urinary tract infectionIf your pet is urinating frequently, straining to urinate, or having accidents, there are many possible culprits. At Volunteer Veterinary Hospital, the most frequent reason we find for these symptoms is a urinary tract infection. Urinary tract infections in pets are a common (and painful) problem that is very important to treat right away.

UTIs Explained

Normally the bladder is a sterile place where bacteria are not found. Urinary tract infections in pets start when rouge bacteria from the environment breach the normal defenses of the body and take up residence within the urinary tract.

Initially this infection is isolated to the bladder. This means that symptoms are localized and affected pets usually do not appear to be ill. Most times they will continue to eat and drink normally and are not lethargic or febrile. Common symptoms of a urinary tract infection include:

  • Frequent urination
  • Voiding small amounts of urine
  • Straining to urinate
  • Vocalizing while urinating
  • Urinating in abnormal places
  • Foul smelling urine
  • Noticeable blood in the urine

Diagnosing and Treating Urinary Tract Infections in Pets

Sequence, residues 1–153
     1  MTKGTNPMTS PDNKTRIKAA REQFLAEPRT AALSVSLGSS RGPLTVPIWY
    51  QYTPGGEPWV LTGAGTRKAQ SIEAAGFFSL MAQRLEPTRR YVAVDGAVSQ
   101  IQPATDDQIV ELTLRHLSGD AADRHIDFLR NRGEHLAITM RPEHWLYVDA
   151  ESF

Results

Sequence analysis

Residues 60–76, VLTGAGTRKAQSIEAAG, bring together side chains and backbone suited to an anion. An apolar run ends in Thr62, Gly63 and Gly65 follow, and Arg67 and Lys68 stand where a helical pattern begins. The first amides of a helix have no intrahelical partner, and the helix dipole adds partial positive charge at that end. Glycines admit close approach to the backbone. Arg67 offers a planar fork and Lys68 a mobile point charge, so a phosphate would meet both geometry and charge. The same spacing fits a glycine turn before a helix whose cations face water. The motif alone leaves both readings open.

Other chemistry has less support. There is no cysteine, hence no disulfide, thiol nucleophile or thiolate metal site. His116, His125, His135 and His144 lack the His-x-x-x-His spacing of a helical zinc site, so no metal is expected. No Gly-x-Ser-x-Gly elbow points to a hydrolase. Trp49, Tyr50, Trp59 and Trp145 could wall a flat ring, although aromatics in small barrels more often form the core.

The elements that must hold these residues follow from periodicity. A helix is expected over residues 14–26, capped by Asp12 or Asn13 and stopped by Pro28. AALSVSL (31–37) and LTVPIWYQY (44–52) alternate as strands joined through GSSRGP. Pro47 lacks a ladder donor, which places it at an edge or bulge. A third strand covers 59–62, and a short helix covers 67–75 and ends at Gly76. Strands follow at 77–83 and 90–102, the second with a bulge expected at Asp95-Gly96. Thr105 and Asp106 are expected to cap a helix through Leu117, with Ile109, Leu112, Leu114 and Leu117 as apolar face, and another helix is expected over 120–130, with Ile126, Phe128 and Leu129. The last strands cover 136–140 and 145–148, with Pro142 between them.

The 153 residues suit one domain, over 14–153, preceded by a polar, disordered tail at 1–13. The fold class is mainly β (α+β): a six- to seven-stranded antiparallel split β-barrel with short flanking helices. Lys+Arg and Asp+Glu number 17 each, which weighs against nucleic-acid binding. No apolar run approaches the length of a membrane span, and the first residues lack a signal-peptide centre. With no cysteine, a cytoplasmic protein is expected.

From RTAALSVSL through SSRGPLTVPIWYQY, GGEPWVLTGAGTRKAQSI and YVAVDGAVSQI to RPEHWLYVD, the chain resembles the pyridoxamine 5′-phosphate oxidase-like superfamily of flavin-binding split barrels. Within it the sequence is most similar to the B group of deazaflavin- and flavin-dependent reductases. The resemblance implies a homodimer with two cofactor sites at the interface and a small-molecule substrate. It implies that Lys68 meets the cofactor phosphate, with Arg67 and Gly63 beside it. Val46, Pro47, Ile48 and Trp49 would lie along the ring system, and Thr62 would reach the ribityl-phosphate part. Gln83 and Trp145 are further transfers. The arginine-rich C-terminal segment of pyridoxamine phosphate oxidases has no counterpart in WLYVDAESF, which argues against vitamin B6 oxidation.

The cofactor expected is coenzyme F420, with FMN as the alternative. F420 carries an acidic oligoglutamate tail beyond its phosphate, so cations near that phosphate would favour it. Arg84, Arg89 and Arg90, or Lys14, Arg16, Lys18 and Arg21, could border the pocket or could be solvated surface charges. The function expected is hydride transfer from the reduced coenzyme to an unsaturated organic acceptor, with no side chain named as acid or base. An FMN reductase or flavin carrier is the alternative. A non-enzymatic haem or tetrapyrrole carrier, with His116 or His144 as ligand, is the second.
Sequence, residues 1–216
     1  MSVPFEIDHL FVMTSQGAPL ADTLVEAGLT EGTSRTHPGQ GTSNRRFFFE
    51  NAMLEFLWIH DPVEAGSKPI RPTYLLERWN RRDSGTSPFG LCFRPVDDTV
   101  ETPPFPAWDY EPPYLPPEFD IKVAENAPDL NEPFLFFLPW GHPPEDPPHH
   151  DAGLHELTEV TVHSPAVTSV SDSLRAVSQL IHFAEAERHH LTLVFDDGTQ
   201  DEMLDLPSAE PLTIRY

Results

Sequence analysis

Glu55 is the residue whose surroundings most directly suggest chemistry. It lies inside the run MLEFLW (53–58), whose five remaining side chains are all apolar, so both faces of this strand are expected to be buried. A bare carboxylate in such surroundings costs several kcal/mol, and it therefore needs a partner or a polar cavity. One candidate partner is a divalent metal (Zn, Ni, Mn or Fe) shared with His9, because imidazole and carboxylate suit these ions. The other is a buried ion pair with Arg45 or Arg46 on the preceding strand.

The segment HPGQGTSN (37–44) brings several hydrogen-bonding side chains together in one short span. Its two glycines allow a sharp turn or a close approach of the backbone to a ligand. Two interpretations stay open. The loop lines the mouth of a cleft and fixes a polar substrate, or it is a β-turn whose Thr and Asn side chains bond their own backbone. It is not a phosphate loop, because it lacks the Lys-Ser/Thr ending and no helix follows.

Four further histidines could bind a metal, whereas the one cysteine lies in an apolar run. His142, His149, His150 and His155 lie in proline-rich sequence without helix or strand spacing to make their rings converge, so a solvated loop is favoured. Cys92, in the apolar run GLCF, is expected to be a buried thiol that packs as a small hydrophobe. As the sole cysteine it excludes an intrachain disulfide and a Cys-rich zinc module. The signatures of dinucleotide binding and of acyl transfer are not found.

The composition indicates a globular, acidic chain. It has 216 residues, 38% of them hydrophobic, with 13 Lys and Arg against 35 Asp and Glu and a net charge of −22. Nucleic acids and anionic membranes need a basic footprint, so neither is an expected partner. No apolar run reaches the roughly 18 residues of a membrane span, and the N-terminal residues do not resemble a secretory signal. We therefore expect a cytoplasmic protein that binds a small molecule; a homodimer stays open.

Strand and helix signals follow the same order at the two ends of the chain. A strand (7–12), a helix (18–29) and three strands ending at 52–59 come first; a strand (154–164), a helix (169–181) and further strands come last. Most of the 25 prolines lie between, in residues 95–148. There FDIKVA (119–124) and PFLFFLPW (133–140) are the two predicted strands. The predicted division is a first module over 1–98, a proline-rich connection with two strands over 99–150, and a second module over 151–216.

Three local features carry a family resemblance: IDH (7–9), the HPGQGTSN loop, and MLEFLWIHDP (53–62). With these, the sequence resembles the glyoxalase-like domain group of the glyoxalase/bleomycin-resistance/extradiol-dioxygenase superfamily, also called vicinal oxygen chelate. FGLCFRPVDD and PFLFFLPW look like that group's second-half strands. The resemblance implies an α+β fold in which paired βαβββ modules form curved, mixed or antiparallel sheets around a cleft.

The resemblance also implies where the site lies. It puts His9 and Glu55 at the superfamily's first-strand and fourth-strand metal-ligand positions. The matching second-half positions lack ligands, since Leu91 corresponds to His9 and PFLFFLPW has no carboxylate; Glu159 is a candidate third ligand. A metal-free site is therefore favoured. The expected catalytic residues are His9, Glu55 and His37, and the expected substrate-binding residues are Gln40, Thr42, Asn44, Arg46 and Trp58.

If your pet is exhibiting signs of a urinary tract infection, typically we will want to start with a physical examination of the animal as well as a urinalysis (testing of urine). A urine sample may be collected by:

  • Free catch (Catching the urine in a clean container as the pet naturally voids)
  • Passing a urinary catheter
  • Cystocentesis (Using a needle to collect a sterile sample from the bladder)

A microscopic examination of the urine specimen, as well as a few simple chemical tests, can give us a lot of information about your pet’s kidney function, metabolic function, hydration status, and the presence of infection.

Sometimes the urine will be cultured in order to identify the bacteria present and determine which antibiotic will treat it most effectively.

Most uncomplicated infections are easily treated with a course of antibiotics from our pet pharmacy. Most patients respond quickly, showing noticeable improvement within a few days of treatment. Sometimes, however, urinary tract infections in pets are more complicated. If there is an underlying problem such as a metabolic issue, a growth, or urinary stones, additional diagnostics and treatments may be required.

Untreated, a simple urinary tract infection can become quite problematic. If infection spreads to the kidneys, it can turn into pyelonephritis. Pyelonephritis is a systemic infection that can become quite serious.

Urine crystals in the presence of infection can also lead to urinary stone formation. It is important to treat urinary tract infections in pets immediately and finish the prescribed treatment and recommended rechecks in order to prevent further issues. Some pets may need to eat a prescription veterinary diet in order to ward off urinary stones.

Urinary tract infections are a common problem in pets that can be quite uncomfortable. Fortunately most are pretty easily treated. If you suspect that your pet might be experiencing a urinary tract infection, call us right away. There is no reason that he or she needs to wait for help.